What factors do make quality improvement work in primary health care? Experiences of maternal health quality improvement teams in three Puskesmas in Indonesia

Ralalicia Limato, Patricia Tumbelaka, Rukhsana Ahmed, Sudirman Nasir, Din Syafruddin, Hermen Ormel, Meghan Bruce Kumar, Miriam Taegtmeyer, Maryse Kok

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14 Citations (Scopus)


Background Indonesia has been shifting from ensuring access to health services towards improving service quality. Accreditation has been used as quality assurance (QA) mechanism, first in hospitals and subsequently in primary health care facilities, including Puskesmas (community health centres). QA provides measures of whether services meet quality targets, but quality improvement (QI) is needed to make change and achieve improvements. QI is a cyclical process with cycles of problem identification, solution testing and observation. We investigated the factors which influenced the process of QI based on experience of maternal health QI teams in three Puskesmas in Cianjur district, West Java province, Indonesia. Methods Qualitative data were collected using 28 in-depth interviews at two points of time: pre- (April 2016) and post- QI intervention (April 2017), involving national, provincial, district and Puskesmas managers; and Puskesmas QI team members. Thematic analysis of transcripts was conducted. Results We found four main factors contributed to the process of QI: 1) leadership, including awareness and attitude of leader(s) towards QI, involvement of leader(s) in the QI process and decision-making in budget allocation for QI; 2) staff enthusiasm and multidisciplinary collaboration; 3) a culture where QI is integrated in existing responsibilities; and 4) the ongoing Puskesmas accreditation process, which increased the value of QI to the organisation. Conclusion Making QI a success in the decentralised Indonesian system requires action at four levels. At individual level, leadership attributes can create an internal quality environment and drive organisational cultural change. At team level, staff enthusiasm and collaboration can be triggered through engaging and tasking everyone in the QI process and having a shared vision of what quality should look like. At organisational level, QI should be integrated in planned activities, ensuring financial and human resources. Lastly, QI can be encouraged when it is implemented by the wider health system as part of national accreditation programmes.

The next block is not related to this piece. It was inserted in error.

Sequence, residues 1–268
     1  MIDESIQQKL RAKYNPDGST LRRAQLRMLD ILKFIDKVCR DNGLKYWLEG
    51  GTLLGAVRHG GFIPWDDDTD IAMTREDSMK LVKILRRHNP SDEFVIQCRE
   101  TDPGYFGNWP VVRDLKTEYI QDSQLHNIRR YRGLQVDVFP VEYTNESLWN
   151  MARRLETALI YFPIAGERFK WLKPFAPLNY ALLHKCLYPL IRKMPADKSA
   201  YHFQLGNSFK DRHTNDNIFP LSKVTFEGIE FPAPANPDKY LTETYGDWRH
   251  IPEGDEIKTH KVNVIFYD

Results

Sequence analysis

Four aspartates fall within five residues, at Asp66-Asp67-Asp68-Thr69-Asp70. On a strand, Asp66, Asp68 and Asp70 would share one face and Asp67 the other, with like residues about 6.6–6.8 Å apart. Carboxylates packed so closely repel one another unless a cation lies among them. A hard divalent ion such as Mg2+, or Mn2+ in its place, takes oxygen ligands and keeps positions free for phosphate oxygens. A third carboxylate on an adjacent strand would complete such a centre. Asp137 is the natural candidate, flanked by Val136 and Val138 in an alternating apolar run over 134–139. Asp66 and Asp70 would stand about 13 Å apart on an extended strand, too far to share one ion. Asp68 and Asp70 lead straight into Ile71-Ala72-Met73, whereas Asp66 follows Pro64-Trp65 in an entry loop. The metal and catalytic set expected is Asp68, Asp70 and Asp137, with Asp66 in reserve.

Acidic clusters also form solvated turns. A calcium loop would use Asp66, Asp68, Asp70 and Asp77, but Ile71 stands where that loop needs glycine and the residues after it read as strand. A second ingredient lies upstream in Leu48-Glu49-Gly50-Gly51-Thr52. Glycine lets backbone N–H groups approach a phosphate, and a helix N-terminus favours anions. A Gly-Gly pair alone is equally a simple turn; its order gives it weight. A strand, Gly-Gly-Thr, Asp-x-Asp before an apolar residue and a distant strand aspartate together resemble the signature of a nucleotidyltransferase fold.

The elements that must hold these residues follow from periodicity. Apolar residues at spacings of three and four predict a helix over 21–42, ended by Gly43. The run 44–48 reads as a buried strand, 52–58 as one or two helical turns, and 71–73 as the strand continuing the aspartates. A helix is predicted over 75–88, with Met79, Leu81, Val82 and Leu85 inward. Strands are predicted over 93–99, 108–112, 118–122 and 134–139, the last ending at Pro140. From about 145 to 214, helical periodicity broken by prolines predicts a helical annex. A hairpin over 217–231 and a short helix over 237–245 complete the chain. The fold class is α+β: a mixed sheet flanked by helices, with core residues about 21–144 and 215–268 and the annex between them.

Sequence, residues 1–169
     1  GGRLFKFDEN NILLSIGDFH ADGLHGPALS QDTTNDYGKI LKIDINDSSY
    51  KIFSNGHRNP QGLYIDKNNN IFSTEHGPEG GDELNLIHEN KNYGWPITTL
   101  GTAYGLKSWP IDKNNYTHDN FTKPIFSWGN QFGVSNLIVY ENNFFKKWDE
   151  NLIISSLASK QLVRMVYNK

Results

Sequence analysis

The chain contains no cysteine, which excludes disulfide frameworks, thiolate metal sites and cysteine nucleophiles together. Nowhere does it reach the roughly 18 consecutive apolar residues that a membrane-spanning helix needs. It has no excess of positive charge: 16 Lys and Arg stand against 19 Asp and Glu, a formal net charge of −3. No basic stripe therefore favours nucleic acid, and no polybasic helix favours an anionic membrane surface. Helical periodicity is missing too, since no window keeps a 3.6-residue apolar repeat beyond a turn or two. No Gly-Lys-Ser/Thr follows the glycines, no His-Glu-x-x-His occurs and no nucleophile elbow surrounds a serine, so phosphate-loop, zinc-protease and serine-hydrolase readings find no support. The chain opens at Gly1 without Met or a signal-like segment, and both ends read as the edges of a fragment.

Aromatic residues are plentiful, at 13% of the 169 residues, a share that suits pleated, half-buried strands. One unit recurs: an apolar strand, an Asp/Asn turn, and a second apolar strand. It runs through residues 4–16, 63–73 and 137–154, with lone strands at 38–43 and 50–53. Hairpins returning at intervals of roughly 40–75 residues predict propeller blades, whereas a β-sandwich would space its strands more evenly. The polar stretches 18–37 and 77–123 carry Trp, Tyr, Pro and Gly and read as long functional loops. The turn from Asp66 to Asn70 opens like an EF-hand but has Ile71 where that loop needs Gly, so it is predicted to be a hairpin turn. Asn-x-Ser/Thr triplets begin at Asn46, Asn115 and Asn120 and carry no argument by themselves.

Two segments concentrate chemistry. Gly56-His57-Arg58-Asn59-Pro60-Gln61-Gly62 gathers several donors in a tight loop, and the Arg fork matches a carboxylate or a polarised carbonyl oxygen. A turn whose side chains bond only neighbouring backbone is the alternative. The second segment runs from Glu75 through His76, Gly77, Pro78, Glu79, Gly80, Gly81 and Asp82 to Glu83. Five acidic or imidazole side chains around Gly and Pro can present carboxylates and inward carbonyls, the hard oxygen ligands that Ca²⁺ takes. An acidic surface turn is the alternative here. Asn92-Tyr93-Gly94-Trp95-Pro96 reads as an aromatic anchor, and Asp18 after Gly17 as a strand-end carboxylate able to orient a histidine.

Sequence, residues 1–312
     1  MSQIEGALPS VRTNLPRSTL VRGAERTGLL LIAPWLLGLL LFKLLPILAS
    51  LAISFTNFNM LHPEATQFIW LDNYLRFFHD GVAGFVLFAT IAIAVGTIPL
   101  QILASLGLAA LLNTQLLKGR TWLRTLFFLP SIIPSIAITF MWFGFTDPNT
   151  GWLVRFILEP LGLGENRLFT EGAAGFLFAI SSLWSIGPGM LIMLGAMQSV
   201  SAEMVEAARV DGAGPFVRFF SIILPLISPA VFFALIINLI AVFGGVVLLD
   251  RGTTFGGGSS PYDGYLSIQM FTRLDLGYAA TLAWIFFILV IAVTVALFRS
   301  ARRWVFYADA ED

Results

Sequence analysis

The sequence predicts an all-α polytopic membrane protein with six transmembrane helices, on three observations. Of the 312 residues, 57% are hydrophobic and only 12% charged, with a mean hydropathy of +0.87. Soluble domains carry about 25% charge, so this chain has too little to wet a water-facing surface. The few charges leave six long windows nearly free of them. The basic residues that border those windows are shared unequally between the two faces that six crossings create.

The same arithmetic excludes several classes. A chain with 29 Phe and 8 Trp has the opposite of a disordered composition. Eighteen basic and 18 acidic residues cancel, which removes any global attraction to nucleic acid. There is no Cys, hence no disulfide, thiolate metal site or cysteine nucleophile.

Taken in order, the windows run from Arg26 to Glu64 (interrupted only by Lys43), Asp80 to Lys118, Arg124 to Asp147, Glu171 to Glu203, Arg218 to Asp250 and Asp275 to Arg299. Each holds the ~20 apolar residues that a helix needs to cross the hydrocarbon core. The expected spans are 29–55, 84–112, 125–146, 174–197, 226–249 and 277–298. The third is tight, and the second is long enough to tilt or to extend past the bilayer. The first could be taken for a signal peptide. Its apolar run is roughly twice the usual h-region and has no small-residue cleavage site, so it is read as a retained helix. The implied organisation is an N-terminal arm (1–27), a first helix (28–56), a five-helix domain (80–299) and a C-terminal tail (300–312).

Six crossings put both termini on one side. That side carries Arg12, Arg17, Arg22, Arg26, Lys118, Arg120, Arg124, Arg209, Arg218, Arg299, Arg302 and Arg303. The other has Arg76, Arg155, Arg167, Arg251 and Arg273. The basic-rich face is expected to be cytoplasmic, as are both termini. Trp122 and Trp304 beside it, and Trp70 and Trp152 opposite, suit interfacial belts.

Original languageEnglish
Article numbere0226804
JournalPLoS One
Issue number12
Publication statusPublished - 1 Dec 2019
Externally publishedYes

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